Tubbs Mountaineer ReviewDecember 7, 2017
- Great flotation
- Easy to use binding
- Women’s-specific sizes
- Binding limited in boot sizes
- Not ideal for traversing
- Binding straps ice-up in wet snow
The Tubbs Mountaineer snowshoes earned top marks for keeping us, and our loads of gear, floating near the top of the snow pack, even when it was a light, fluffy powder. Tubbs retained the standard tubular aluminum frame and flexible decking as the core of the Mountaineer, and coupled that with a unique binding system. The webbing straps around the forefoot end of the binding all tighten by simultaneously pulling two tabs, while the heel strap ratcheted closed for a snug fit. A tug on a center tab loosened the forefoot straps, and a quick flick of a buckle lever opened the heel ratchet mechanism.
The Mountaineers showed themselves capable of floating hikers and their loads in any snow conditions. But while there seemed to be plenty of traction underfoot, the bindings did allow some heel slippage during steep traverses, moving my feet off the center point of the deck. That made it harder to keep the snowshoes tracking straight ahead.
The Mountaineers also tip the scales at nearly 5 pounds, making them the heaviest of the class. That extra weight on our feet lead to fatigue quicker than we anticipated.
Ease of Use
Tubbs’ ActiveFit binding lived up to its billing as an easy-to-use system. The series of straps and plastic panels comprising the forefoot section of the binding cinch snug, without being constrictive, with simultaneous pulls on the dual-strap closure. A ratcheting clasp snugged the heel strap into my boots, holding my foot comfortably and securely on the deck. Tugging upward on the center tab between the dual pull straps loosened the bindings.
I could engage the cinch straps and ratchet while wearing gloves, but I did encounter a few instances where, in wet snow conditions, I had to use bare hands to scratch clumped snow and ice away from the straps and buckles to adjust them.
The heel elevator that assisted long climbs was easy to click up into place using a pole tip, but I also found it could be accidentally knocked down when my heel slipped off-center during traverses.
The Tubbs ActiveFit binding proved very easy to use when dry, but clumped snow and ice could impact that operation a bit. Every tester reported that once secured, the binding did hold our boots in place without pinching, crushing or constricting. The bindings performed very well when tracking straight up and down slopes, and along rolling terrain. The pivot underfoot was sufficient to allow accumulated snow to slide off the deck with each stride and prevent a build-up of heavy snowpack on the deck. And it allowed good use of the binding’s crampon toe teeth during steep climbs.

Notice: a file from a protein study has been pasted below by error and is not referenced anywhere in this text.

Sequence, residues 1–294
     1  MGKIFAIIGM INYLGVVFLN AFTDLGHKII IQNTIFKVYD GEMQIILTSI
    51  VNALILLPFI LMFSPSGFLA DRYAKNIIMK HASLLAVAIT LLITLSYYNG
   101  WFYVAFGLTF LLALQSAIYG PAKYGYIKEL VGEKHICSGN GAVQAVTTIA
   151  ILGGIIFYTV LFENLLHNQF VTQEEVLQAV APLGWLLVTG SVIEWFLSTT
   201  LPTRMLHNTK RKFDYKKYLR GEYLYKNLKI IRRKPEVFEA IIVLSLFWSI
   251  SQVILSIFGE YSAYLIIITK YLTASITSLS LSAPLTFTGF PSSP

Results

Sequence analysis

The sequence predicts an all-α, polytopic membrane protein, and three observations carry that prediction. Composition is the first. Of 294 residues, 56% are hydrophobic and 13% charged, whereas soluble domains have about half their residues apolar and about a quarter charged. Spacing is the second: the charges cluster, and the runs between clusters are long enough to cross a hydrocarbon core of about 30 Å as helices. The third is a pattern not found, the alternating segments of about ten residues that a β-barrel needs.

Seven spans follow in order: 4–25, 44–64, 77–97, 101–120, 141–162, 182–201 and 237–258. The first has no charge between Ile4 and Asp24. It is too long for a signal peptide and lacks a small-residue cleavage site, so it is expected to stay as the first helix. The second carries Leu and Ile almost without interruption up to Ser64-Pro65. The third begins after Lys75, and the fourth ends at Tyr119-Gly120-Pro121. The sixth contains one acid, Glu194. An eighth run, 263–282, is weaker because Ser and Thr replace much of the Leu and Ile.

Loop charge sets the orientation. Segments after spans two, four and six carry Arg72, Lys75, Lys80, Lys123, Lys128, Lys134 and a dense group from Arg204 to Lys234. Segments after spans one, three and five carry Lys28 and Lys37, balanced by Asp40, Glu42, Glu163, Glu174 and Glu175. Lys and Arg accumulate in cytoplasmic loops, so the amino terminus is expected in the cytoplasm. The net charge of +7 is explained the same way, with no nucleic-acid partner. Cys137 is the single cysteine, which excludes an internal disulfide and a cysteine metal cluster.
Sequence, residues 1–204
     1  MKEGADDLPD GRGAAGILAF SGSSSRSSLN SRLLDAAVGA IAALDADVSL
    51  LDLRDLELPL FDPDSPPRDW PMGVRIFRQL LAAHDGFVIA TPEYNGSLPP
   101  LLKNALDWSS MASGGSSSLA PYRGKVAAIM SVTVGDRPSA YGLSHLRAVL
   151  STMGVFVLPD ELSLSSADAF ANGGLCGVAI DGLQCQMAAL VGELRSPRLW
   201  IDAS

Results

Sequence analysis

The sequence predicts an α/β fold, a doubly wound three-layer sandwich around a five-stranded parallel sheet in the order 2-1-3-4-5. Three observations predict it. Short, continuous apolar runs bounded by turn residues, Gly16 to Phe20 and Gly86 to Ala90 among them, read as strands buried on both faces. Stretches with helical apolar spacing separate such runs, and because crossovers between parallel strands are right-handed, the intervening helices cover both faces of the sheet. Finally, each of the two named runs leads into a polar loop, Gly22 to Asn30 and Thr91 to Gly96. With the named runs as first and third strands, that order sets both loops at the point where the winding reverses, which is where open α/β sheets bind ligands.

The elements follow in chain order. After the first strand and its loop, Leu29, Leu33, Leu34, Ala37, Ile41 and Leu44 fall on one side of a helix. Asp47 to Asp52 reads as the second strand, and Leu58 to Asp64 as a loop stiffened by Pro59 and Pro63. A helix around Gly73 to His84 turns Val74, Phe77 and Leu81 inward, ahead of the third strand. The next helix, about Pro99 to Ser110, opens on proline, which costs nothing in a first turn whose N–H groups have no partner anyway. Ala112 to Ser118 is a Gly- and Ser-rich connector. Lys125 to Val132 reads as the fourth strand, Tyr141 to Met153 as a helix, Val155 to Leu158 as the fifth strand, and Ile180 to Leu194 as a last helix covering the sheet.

Unfortunately, when we turned across slope for a traverse, most of us experienced some heel slippage. That is, our feet pivoted a bit, with our heels sliding downslope. That took us off the center of the shoes, creating problems with holding traction and with tracking forward on the route. This occurred primarily with those of us with larger boot sizes (and larger weights on the snowshoes).
The bindings also proved a bit too small for anything larger than a lightly insulated size 12 hiking boot. Some of the backcountry snowboarders reported issues with being able to secure their boarding boots (size 12 and larger) – especially problematic was trying to squeeze the boot’s toe box into the binding.
Traversing, Ice, Technical Conditions
As noted above, some testers had trouble maintaining good traction and tracking during steep traverses while using the Mountaineers. The binding allowed just enough heel slippage to give us some trouble, especially those of us with big feet and/or big loads. But for gentler side hills and general up-and-down travel, the Mountaineers offered good traction. A pair of angled crampon cleats flank each side of the heel area of the deck bottom, and a very aggressive set of crampon teeth sit under the forefoot and toes to bite into crusty snow and ice. Indeed, I experienced firm control when having to cross a series of frozen creeks and small ponds while trekking through Washington’s desert coulee country near Spokane. The steel crampon teeth gripped firmly and resisted damage even when having to cross exposed rock.
The Mountaineers sport a broad oval design, with the front two thirds of the deck sitting wide around the foot, and the tail section tapering to a narrow curve. That maximizes the decking for good flotation, while still allowing a comfortable stride. I did note that I ‘crossed-up’ these shoes more frequently than others in the test, primarily because in trying to work through tight spaces, it was difficult to move them past each other given the broader front ends. But when trekking through open terrain, a little extra leg-swing waddle brings the shoes forward and the tail-taper lets us set the shoes down close in line without catching them on each other.
The extra width that contributes to the heavier weight and the need for a wider stride also makes these shoes remarkably effective at floating atop the snow. Every one of our testers agreed: The Mountaineers provided the best flotation in this class of snowshoes. Aside from simply maximizing the effective surface area of the snowshoe decking, the Mountaineers take advantage of the materials, too. The tubular frame and semi-rigid decking create a small concave shape that helps compress the snow underfoot for a bit, giving more resistance to sinking.
Dan Nelson- Managing Editor & Fly Fishing Editor
Dan Nelson is GearInstitute.com's Managing Editor & fly fishing editor. He is based in the Pacific Northwest.